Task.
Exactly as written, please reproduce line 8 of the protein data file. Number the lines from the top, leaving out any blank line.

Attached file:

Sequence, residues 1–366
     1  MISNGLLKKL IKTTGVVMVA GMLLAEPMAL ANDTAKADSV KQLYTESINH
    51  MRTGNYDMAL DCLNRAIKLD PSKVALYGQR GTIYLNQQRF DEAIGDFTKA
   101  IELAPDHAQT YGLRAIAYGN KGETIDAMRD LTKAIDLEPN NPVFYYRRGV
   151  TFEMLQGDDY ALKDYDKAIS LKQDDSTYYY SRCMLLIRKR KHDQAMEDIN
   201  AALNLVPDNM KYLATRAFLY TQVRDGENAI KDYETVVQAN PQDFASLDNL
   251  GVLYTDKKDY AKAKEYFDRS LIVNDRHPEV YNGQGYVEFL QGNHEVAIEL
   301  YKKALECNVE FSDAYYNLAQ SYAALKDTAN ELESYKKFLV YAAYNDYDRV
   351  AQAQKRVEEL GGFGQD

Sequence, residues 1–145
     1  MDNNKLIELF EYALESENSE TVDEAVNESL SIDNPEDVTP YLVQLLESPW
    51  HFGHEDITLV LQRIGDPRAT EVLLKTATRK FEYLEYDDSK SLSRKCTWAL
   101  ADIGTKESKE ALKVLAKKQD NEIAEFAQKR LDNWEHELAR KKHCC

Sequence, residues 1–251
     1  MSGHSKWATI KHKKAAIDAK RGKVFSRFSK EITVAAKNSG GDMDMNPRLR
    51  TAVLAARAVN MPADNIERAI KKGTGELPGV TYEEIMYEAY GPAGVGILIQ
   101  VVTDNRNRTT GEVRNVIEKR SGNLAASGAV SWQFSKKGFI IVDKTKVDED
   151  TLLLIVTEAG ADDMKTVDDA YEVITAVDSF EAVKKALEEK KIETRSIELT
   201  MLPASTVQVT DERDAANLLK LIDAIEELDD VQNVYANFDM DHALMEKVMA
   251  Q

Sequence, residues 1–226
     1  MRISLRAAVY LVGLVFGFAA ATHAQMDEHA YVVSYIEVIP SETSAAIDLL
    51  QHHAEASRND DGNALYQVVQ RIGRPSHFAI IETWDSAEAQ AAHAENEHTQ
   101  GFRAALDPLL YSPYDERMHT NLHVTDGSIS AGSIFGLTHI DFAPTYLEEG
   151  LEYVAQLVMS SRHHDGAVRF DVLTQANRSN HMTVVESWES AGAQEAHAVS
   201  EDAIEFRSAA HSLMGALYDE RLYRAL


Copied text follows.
   301  YKKALECNVE FSDAYYNLAQ SYAALKDTAN ELESYKKFLV YAAYNDYDRV